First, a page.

– Dakota Carter wins in SBOE6.
– Ed Gonzalez will be the nominee for Sheriff.
– Judge Elaine Palmer easily held off JoAnn Storey for the 215th Civil District Court. Kristin Hawkins had an easy win for the 11th. The closest race of the evening was in the 61st, where Fredericka Phillips nosed out Julie Countiss by 210 votes after overcoming a small early lead by Countiss.
– Eric William Carter won in JP Precinct 1, while Hilary Green held on in JP Precinct 7.
– Chris Diaz romped in Constable Precinct 2, while Sherman Eagleton cruised in Constable Precinct 3.

And finally, Jarvis Johnson won in HD139, entirely on the strength of absentee ballots. Kimberly Willis won the early in-person vote as well as the Runoff Day vote, but not by a large enough margin given the modest number of people who turned out. Johnson will have the seniority advantage over his fellow freshmen thanks to his win in the special election, but this is not the kind of result that will scare anyone off for the next cycle.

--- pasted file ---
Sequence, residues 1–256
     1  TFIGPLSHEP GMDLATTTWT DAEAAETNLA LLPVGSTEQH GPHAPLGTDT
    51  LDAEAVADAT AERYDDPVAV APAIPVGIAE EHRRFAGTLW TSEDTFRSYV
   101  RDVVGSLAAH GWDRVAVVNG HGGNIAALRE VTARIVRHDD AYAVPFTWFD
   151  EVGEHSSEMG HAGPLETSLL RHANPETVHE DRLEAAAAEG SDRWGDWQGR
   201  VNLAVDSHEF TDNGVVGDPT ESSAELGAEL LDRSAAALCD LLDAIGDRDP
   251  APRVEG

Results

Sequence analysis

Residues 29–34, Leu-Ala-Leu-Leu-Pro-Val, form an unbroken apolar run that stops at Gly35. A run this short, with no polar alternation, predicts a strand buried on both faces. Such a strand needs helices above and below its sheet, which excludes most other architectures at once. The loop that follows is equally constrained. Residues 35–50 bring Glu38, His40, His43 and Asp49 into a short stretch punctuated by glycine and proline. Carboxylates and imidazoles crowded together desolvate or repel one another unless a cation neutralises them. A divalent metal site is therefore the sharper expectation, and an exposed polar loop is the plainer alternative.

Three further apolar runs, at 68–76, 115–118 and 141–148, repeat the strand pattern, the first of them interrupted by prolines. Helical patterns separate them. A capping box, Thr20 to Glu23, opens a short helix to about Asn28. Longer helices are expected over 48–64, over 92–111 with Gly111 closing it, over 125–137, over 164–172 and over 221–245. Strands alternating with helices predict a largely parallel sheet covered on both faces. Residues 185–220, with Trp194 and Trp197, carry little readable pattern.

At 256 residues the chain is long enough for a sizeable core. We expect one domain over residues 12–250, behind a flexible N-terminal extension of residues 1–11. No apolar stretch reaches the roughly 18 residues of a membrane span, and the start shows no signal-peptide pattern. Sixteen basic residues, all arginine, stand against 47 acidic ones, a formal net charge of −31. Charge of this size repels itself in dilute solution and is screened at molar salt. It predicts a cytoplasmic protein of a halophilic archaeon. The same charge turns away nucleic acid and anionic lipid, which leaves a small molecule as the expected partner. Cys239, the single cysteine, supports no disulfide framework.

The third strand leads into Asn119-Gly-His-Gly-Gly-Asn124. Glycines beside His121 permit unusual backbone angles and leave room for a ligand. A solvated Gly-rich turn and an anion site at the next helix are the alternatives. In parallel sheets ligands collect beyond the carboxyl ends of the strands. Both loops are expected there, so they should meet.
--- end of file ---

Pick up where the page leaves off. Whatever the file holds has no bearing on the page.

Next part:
Republican primary runoff results

vote-button

Harris County results

Statewide results

Trib liveblog

Your new State Senators are Bryan Hughes, who defeated his former House colleague David Simpson, and Dawn Buckingham, who defeated former Rep. Susan King. Hughes is a Dan Patrick buddy, who will fit right in to the awfulness of the upper chamber. Buckingham is a first-time officeholder who needs only to be less terrible than Troy Fraser, but I don’t know if she’s capable of that. She has a Democratic opponent in November, but that’s not a competitive district.

The single best result in any race on either side is Keven Ellis defeating certifiable loon Mary Lou Bruner in SBOE9. Whether Bruner finally shot herself in the foot or it was divine intervention I couldn’t say, but either way we should all be grateful. State government has more than enough fools in it already. Here’s TFN’s statement celebrating the result.